This is NATO’s mission: to safeguard peace and to prevent war.
And it is what we have done since 1949, when NATO was established.
We have successfully done so because we have been able to change as the world around us changed.
For the first forty years, NATO had a single mission: to deter the Soviet Union.
That lasted from 1949 until 1989.
Then, after the Cold War, we put an end to two brutal ethnic wars in the Balkans – in Bosnia and Kosovo.
Following the attacks on the United States on September 11, 2001, we have been fighting international terrorism.
And after Russia’s illegal annexation of Crimea in 2014, we carried out the largest reinforcement of our collective defence.
Today, we use far fewer resources and have far fewer soldiers outside NATO borders.
At the same time, we are stepping up defence spending and increasing military presence on our own territory, notably in the Baltic region.
NATO is the most successful alliance in history.
Mainly because of two things: our ability to unite, and our ability to change.
We will need more of both in the years to come.
Because we live in turbulent times.
Moscow continues its pattern of aggressive behaviour on several fronts.
It has invested significantly in new, advanced military capabilities,
shown a willingness to use military force against neighbours,
and interfere in other countries‘ affairs.
It is particularly concerning that Russia is deploying new, advanced nuclear weapons.
This has resulted in the collapse of the INF Treaty – one of the most important disarmament agreements.
NATO’s approach to Russia has two tracks: strong defence and credible deterrence, combined with dialogue.
For the first time in our history, we have deployed battle groups to the east of the Alliance,
and increased the readiness of our forces.
And all NATO countries are investing more in defence.
At the same time, our door remains open for political dialogue.
We regret Russia’s reluctance to meet in the NATO-Russia Council,
and its decision to close down the two NATO offices in Moscow,
and also to withdraw Russian personnel from the NATO mission in Brussels.
The more difficult the relationship between us, the more important it is that we talk to Russia.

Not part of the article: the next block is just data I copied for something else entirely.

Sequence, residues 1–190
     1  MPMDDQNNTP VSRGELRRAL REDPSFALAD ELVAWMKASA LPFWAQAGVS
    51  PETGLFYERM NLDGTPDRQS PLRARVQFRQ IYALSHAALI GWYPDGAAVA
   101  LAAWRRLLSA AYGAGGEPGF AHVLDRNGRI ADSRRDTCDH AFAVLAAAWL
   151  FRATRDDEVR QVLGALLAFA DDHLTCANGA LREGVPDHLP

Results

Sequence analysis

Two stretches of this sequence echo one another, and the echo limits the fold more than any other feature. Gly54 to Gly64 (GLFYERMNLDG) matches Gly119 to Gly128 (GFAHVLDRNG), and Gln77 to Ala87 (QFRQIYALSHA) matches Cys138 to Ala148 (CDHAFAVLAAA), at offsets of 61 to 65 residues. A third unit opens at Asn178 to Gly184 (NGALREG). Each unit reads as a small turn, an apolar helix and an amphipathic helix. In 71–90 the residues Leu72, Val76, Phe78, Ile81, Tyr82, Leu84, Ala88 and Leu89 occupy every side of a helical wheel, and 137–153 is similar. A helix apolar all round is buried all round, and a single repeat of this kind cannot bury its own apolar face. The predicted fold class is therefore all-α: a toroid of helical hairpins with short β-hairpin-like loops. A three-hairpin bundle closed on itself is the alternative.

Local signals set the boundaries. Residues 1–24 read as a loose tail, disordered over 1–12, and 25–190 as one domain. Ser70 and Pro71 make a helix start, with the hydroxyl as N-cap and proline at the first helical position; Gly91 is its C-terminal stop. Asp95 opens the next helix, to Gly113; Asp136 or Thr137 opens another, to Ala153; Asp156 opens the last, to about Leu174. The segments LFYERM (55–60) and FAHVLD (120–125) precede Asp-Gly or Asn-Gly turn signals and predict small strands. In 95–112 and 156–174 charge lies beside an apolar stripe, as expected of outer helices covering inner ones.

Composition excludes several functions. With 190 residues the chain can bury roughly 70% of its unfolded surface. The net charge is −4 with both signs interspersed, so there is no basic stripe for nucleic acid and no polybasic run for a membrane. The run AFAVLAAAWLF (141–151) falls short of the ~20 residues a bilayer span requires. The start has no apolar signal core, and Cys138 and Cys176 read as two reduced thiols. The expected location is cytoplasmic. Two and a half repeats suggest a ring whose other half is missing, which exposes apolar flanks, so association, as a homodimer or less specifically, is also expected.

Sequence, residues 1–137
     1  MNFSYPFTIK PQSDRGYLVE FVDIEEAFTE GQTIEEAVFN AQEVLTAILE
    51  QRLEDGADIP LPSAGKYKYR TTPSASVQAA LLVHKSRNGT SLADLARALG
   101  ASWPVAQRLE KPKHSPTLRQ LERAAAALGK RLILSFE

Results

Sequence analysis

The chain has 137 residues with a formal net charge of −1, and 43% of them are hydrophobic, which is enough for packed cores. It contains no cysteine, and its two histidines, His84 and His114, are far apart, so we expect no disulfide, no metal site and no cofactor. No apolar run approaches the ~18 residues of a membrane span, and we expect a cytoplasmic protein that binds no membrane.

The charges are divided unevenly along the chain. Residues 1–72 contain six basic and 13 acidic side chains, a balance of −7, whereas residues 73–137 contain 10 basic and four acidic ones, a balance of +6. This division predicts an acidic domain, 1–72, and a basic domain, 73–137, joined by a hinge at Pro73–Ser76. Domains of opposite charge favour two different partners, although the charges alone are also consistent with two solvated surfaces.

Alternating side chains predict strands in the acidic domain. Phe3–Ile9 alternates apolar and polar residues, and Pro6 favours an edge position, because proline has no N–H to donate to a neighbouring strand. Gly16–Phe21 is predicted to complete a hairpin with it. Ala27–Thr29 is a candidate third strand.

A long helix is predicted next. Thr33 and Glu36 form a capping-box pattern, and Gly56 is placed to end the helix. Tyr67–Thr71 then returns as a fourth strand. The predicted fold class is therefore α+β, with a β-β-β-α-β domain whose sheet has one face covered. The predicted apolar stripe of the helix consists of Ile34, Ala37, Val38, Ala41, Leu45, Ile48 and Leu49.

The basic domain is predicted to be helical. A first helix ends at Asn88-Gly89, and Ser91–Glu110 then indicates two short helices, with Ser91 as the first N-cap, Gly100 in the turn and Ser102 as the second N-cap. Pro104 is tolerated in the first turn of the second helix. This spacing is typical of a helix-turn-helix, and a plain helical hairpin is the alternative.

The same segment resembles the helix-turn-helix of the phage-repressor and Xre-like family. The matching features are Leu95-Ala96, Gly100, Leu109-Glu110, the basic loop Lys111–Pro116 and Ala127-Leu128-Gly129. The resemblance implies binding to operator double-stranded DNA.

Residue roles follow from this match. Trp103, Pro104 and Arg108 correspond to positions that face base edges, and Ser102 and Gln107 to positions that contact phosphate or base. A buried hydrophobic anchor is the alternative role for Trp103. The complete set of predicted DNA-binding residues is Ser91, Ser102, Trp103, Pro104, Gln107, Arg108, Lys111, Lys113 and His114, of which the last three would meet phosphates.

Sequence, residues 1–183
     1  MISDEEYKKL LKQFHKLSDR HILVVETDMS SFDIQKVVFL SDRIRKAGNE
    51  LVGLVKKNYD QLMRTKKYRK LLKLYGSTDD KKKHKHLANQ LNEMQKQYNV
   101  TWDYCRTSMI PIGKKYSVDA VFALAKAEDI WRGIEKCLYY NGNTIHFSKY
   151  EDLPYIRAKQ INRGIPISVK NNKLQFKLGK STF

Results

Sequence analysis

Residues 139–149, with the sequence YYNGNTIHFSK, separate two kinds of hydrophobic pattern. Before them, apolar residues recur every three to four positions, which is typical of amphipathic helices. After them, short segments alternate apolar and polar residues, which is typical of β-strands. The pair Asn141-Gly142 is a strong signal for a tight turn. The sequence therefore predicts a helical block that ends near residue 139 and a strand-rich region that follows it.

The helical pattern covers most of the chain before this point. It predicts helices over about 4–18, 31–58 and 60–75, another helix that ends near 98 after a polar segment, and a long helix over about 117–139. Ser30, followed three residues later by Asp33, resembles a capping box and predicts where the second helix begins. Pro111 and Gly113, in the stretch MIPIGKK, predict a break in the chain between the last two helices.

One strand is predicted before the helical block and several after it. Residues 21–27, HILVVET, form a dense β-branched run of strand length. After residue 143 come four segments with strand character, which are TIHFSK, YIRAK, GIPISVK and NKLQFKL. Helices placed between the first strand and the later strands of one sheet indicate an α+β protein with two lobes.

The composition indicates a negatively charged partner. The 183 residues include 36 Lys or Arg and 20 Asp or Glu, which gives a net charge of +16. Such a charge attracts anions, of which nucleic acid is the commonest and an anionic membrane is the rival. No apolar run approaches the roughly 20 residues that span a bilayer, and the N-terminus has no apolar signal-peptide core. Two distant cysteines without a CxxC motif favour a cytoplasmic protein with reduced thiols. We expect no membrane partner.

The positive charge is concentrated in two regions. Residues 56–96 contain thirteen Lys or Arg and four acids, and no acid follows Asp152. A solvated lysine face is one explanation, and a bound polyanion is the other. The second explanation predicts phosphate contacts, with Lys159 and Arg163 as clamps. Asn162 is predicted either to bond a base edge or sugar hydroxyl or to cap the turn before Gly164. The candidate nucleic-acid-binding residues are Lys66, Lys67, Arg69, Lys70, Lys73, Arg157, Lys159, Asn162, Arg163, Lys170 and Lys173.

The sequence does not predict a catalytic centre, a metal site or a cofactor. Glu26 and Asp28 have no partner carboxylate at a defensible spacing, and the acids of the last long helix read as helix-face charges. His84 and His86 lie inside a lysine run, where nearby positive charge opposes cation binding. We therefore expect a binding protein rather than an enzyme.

Not least on arms control and disarmament.
We welcome the agreement between Russia and the United States earlier this year to extend the New Start treaty limiting long-range nuclear weapons.
Work on arms control must continue, and include new weapons and more countries.
Another challenge is the rise of China.
We see it in the Arctic, in Africa and in cyberspace.
China will soon have the world’s largest economy.
It already has the world’s largest navy,
and the world’s second largest defence budget.
And it is investing heavily in new, long-range nuclear weapons.
NATO does not consider China an adversary.
But China is a growing superpower that does not share our values.
A great power that oppresses, monitors and controls its own people.
Suppresses democracy and human rights.
And persecutes ethnic and religious minorities.
China is openly threatening Taiwan,
and hampering freedom of navigation, as we have seen in the South China Sea.
I was Prime Minister of Norway when the independent Nobel Committee,
appointed by the Norwegian Parliament,
presented the Nobel Peace Prize to the Chinese human rights activist Liu Xiabo.
China responded immediately.
It stopped all political contact,
boycotted Norwegian exports,
and made it clear that it would do everything to oppose Norway.
Denmark had a similar experience when the Dalai Lama was invited here for a visit.
Also in Sweden, we have recently seen how the Chinese embassy has threatened journalists who were writing negatively about China.
These are just some examples of how China is trying to dominate other countries.
As China grows, we must not become dependent on it.
Beijing invests heavily in critical infrastructure in our countries,
and in some areas today, supplies from China are vital to our societies.
We must never take for granted the international world order we are used to.
A peaceful, free and rules-based world order.
And we must stand together, as democratic countries, to continue to defend the values we believe in – and which NATO is built on.
Democracy and freedom.